The city of Seattle’s Salmon Team, a group of city-funded researchers, have discovered that two endangered fish species–chinook salmon and bull trout–use Seattle’s waterways (surprise!). Both fish prefer undisturbed, rocky shorelines, which brings them in direct conflict with businesses and homeowners who want to use local shorelines without restrictions. Up to 800 wild chinook annually make the journey through the Ballard Locks and the Montlake Cut into Lake Washington and the Cedar River, where they lay eggs in the gravelly riverbed. The hatchlings swim down to Lake Washington, where they feed for four or five months before heading out to sea.

The Duwamish waterway has been officially added to the federal Superfund List. The EPA and the state Department of Ecology will oversee cleanup of the waterway and attempt to recover the cost of the cleanup from businesses located on a five-mile stretch of the Lower Duwamish. The two largest property owners are the Port of Seattle (250 fetid acres) and Boeing (several parcels that add up to 110 toxic acres). Part of Boeing’s Plant No. 2 squats on pilings directly over the waterway.

On Sept. 27, the federal government denied recognition for the Duwamish Tribe, reversing a decision granted by Bill Clinton as he was leaving office. The Duwamish are the original inhabitants of Seattle. Chief Seattle was a member of the Duwamish Tribe.

Speaking of water quality, the National Academy of Sciences issued a report that says the Clinton administration’s proposed arsenic standards may not be strict enough. The report is based on 300 recent arsenic studies. For decades, the standard set by the EPA was 50 parts per billion (ppb) in drinking water. After months of pressure from environmental groups and scientists, Clinton finally set a standard of 10 ppb just as he was leaving office. One of Bush’s first acts in office was to suspend the new standard. Congress, however, passed legislation calling for a new standard to be instituted–one that’s no higher than 10 ppb. Bush has yet to act, so the Academy of Sciences is pouring on the pressure again. Meanwhile, an estimated 13 million people in the US drink water with more than 10 ppb of arsenic in it.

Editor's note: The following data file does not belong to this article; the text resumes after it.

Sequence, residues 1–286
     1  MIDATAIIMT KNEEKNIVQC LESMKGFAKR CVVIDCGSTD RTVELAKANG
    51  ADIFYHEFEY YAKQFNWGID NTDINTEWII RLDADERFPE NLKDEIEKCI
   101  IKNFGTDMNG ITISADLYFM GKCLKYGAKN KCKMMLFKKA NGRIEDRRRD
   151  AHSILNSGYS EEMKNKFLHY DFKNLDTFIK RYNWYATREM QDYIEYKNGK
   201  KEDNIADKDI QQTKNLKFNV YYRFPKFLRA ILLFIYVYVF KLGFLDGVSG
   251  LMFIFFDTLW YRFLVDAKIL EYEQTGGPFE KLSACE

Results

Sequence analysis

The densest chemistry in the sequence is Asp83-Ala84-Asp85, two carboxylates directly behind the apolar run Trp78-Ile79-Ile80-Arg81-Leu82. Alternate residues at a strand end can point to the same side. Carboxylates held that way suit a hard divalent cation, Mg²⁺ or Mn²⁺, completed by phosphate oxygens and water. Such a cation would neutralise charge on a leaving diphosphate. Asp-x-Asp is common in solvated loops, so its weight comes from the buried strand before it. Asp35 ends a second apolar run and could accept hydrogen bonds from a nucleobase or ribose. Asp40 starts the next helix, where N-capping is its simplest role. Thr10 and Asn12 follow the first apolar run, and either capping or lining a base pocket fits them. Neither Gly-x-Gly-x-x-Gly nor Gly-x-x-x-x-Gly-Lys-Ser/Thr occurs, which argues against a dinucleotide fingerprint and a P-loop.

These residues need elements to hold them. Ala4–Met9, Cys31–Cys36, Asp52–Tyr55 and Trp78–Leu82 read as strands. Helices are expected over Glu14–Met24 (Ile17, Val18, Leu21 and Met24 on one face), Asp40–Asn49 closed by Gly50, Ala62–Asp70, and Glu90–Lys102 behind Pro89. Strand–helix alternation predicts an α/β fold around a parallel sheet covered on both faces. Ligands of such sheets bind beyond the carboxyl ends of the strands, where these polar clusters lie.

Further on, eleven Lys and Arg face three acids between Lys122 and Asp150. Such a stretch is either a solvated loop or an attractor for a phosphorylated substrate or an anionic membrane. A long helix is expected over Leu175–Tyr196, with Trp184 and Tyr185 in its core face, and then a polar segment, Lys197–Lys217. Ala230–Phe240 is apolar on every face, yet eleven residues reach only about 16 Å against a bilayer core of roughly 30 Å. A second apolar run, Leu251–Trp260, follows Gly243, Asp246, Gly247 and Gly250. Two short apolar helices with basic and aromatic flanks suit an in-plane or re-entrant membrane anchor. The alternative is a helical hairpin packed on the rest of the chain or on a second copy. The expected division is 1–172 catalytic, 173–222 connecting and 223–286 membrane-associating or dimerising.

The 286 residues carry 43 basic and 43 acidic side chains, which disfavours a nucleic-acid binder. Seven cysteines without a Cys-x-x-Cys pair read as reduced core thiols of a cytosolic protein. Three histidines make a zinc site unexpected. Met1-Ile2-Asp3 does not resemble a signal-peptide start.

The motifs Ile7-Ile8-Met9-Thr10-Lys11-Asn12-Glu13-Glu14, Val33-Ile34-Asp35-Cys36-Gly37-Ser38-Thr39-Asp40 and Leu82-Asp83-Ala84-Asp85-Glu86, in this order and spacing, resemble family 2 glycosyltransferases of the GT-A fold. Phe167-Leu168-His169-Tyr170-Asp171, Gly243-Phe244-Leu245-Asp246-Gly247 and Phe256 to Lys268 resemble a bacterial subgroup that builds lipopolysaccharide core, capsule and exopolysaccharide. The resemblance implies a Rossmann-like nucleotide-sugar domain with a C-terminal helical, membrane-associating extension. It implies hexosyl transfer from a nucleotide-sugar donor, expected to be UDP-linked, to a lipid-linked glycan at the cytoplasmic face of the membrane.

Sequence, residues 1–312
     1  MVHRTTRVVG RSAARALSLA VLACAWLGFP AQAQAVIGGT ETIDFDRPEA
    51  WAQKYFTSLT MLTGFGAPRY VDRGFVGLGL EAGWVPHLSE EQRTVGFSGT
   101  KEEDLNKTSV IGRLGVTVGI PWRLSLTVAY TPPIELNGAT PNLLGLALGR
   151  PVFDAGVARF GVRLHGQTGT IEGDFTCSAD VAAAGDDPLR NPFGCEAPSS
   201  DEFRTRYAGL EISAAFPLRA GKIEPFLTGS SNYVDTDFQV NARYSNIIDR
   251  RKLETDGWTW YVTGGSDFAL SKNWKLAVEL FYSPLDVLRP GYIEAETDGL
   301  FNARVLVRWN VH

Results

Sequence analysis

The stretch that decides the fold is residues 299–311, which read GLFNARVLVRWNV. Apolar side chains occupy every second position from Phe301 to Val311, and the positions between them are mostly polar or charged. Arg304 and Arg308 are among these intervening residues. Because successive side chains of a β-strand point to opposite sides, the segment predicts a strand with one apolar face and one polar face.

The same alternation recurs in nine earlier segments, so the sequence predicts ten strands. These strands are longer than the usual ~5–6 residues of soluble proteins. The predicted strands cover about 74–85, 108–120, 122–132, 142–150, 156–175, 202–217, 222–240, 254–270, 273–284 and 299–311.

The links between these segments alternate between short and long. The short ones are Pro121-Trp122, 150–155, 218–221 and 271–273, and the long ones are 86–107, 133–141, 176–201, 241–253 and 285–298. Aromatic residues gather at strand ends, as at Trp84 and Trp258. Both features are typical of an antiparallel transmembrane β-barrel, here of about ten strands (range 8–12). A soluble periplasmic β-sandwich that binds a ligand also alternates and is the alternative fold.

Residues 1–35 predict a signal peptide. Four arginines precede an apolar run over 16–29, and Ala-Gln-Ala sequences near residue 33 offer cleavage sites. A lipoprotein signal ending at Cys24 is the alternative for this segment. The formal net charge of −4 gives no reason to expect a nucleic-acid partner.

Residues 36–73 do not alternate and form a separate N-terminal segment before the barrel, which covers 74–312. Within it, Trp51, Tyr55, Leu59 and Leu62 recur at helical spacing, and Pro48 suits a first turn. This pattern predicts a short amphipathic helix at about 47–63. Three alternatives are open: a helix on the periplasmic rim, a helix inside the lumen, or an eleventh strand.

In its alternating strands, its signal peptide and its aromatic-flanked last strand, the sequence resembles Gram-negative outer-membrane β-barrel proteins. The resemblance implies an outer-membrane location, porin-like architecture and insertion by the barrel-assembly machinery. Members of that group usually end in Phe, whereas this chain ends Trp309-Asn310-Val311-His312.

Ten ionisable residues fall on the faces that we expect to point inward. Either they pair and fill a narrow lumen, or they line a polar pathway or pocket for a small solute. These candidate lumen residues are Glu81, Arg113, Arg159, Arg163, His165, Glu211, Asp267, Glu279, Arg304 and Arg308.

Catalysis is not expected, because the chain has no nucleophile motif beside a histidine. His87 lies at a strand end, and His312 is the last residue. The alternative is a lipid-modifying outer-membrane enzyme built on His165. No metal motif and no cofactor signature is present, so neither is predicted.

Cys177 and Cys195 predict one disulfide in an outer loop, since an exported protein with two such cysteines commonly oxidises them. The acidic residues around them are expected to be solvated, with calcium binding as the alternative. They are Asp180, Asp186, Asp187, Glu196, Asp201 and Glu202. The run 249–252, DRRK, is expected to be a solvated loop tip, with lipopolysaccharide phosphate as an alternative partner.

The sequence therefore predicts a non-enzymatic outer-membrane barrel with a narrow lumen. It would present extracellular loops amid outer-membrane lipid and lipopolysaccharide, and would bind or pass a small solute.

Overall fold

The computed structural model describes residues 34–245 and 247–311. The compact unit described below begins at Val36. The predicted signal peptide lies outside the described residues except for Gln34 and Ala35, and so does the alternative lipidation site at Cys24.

In other water-related news, the UN’s Environment Program has documented the accelerated destruction of coral reefs. The world’s reefs cover 113,720 square miles (much less than was previously thought) and provide important habitat for marine life, as well as the chemical compounds used to make the HIV drug AZT. Pollution is a major cause of damage to coral reefs, particularly sewage and fertilizer runoff, which breeds a type of algae that smothers reefs. Global warming also bleaches reefs, killing the beneficial algae that supports the coral. Fishermen often use dynamite or cyanide to kill or stun fish that live in reefs, destroying coral in the process. The US has about 1,500 square miles of coral reefs.

The decision to drill for oil in the Arctic National Wildlife Refuge hangs by a thread in the Senate. Three business groups–the US Chamber of Commerce, the National Association of Manufacturers, and the Small Business Survival Committee–have joined with the Teamsters’ Union and Senate Republicans to push legislation that would open up the ANWR for drilling. In addition to the argument that the US shouldn’t rely on the Middle East for oil, businesses are whining about the bogeyman of “future price shocks,” which could be the last nail in the coffin for some businesses suffering from the recession. In the name of spurring an economic recovery, we could lose the ANWR to the oil barons.